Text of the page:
Consumers are actively reviewing budget expenditures, evaluating where they can save. Some refuse membership in sports and social clubs. Others replace lamps and electrical appliances with energy-saving ones. Still others stop buying clothes and instead take old things to the atelier and exchange bored clothes with friends. Some refuse a car, taking a metro or bicycle.

According to the British Retail Consortium (BRC), in September 2008, total retail sales fell 0.4%. In some shopping complexes, the turnover decreased by 12-14%. Analysts predict sluggish sales before Christmas and practically “dead” February – April.

All over Europe

A similar picture is observed in many other European countries. France and Italy have not yet entered a recession, but are very close to that. For several years now, Italy’s economy has been stagnating, but may be in full recession in early 2009. In August, retail sales in Italy fell 1.3%. In France, the decline was 2.4%. Unemployment is growing rapidly in both countries as companies are actively cutting costs by firing employees.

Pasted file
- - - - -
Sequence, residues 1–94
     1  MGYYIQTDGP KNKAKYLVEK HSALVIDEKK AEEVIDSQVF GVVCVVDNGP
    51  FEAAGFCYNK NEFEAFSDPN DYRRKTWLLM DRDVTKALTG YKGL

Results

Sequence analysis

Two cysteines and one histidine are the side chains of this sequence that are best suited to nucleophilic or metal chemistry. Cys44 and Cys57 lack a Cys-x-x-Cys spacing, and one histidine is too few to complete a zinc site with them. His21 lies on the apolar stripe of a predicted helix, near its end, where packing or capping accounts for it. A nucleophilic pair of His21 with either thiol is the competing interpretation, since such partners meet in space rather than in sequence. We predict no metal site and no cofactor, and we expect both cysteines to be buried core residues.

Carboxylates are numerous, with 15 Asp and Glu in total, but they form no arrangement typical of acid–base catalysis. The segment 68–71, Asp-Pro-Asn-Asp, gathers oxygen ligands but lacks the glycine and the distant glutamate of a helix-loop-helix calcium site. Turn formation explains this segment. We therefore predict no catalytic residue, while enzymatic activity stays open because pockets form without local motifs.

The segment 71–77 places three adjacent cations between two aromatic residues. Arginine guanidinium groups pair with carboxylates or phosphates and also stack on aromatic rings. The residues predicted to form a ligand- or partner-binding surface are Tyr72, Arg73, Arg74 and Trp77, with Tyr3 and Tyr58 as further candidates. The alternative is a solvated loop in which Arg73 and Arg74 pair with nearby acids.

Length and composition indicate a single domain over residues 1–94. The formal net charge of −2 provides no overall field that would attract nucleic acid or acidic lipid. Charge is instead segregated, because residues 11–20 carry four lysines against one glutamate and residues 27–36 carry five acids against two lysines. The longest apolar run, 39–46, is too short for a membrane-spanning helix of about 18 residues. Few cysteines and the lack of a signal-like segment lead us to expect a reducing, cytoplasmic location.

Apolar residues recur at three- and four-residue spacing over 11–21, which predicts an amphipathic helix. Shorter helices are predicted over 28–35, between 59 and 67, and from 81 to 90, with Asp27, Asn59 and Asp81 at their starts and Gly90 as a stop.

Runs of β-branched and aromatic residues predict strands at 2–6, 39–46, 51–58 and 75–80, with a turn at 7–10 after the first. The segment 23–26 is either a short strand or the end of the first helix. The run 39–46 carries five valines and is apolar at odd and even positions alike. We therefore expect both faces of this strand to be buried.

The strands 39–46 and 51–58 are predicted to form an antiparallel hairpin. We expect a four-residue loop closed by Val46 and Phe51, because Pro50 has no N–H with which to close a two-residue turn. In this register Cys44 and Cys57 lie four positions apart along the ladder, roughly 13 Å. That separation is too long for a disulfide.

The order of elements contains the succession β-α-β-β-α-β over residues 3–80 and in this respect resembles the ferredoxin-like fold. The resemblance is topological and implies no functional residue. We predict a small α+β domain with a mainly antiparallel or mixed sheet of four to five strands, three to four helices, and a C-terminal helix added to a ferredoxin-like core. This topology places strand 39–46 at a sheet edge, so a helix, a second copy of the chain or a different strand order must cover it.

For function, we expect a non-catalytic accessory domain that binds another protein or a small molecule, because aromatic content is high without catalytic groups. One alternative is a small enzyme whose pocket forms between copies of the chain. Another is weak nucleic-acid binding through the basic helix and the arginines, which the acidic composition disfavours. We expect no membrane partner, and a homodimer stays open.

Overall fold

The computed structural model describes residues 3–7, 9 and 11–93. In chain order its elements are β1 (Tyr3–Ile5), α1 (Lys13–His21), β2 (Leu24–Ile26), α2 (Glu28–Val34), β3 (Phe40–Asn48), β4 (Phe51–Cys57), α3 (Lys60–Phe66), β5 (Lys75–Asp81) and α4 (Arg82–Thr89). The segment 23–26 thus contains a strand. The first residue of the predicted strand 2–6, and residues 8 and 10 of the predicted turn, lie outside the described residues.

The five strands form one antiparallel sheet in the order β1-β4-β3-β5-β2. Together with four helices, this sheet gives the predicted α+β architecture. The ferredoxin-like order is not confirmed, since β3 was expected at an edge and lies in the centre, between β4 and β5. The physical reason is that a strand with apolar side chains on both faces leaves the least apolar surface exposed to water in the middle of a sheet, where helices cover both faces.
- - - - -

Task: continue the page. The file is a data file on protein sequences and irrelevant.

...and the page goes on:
In Spain, retail sales fell 7.5% in August, the sixth consecutive monthly drop. Sales of home goods decreased by 15.8%. And even less food products are sold today – in August, sales fell by 3.8%. The end of the real estate boom in Spain has led to the reduction of tens of thousands of jobs in the construction sector. Unemployment in Spain has been growing since April, and analysts expect that by the end of 2009 it can reach a very high level by European standards – 15%.